d missile testing facility. Interest in Trinity Site was immediate. In September 1945 press tours to the site started. One of the famous photos of ground zero shows Groves and Oppenheimer surrounded by a small group of reporters as they exami
ne one of the footings to the 100-foot tower on which the bomb was placed. That picture was taken Sept. 11. The exposed footing is still visible at ground zero. On Sept. 15-17 George Cremeens, a young radio reporter from KRNT in Des Moines, visited the site with soundman Frank Lagouri. They flew over the crater and interviewed Dr. Kenneth Bainbridge, Trinity test director, and Bush, base camp commander. Back in Iowa, Cremeens created four 15-minute reports on his visit which aired Sept. 24, 26,27 and 29. A 15-minute composite was made and aired on the ABC Radio Network. For his work Cremeens received a local Peabody Award for "Outstanding Reporting and Dr. Kenneth Bainbridge, left, is interviewed Interpretation of the News." At first Trinity Site was by George Cremeens from KRNT radio, Des encircled with a fence and Moines, Iowa. radiation warning signs were posted. The site remained off limits to military an
d civilian personnel of the proving ground and closed to the public. In 1952 the Atomic Energy Commission let a contract to clean up the site. Much of the Trinitite was scraped up and buried. In September 1953 about 650 people attended the first Trinity Site open house. A few years later a small group from Tularosa visited the site on the anniversary of the explosion to conduct a religious service and prayer for peace. Similar visits were made annually in recent years on the first Saturday in October. In 1967 the inner oblong fence was added. In 1972 the corridor barbed wire fence which connects the outer fence to the inner one was completed. Jumbo was moved to the parking lot in 1979. Trinity Site open houses are now conducted in April and October because it is generally very hot on the Jomada del Muerto in July. (White Sands Missile Range) White Sands Missile Range has developed from a simple desert testing site for the V-2 into one of the most sophisticated test facilities in the world.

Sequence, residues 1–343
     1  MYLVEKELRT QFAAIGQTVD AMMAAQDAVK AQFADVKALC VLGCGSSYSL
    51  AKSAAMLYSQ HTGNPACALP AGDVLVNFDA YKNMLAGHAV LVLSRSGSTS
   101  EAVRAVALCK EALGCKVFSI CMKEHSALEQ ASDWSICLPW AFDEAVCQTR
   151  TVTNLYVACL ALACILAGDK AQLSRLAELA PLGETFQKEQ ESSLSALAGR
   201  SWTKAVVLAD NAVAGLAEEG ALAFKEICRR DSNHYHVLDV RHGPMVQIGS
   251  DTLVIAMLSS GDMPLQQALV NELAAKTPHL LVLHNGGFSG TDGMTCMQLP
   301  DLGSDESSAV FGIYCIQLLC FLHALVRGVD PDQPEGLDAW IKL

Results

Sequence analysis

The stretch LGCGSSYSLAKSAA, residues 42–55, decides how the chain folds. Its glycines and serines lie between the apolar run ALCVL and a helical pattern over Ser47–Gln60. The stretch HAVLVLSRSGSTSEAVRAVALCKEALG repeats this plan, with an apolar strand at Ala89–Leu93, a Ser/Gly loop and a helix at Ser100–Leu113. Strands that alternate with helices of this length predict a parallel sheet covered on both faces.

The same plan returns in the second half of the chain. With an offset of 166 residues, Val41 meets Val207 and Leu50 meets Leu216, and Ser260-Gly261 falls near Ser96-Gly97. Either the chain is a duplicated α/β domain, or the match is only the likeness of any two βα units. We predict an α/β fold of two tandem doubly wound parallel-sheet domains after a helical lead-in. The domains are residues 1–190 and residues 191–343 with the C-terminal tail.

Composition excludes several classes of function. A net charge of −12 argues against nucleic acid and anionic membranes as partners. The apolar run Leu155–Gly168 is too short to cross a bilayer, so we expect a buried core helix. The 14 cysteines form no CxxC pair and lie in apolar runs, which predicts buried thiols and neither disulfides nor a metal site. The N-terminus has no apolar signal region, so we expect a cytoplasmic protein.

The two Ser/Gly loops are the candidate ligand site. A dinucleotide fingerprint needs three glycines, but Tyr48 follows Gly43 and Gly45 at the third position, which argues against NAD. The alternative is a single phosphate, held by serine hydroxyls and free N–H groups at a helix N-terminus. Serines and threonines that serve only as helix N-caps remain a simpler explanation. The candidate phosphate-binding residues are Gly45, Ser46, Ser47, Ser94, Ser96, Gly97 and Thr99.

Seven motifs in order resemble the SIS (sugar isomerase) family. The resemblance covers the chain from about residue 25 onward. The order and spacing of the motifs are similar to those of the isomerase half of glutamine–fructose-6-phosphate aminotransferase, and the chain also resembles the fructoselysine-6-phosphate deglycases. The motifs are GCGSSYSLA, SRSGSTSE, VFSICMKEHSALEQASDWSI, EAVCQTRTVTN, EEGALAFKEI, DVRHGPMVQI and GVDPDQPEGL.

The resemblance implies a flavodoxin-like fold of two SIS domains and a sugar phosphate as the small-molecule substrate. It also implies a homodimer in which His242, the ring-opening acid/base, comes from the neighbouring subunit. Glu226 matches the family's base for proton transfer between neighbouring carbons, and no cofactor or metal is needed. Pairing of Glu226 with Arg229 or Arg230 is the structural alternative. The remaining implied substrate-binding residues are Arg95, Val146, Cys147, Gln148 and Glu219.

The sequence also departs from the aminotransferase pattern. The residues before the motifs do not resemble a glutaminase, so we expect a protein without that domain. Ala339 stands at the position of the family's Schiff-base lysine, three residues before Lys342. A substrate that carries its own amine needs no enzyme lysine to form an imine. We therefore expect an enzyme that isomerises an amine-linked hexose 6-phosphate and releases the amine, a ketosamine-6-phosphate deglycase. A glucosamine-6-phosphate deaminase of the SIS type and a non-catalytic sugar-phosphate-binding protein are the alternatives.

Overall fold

The mission of White Sands Missile Range begins with a customer -a service developer, or another federal agency, which is ready to find out if engineers and scientists have built something which will perform according to job specifications. It ends when an exhaustive series of tests has been completed and a data report has been delivered to the customer. Between the beginning and the
end of the test program, be it the Army Tactical Missile System or newly designed automobiles, range employees are involved in every operation connected with the customer and hi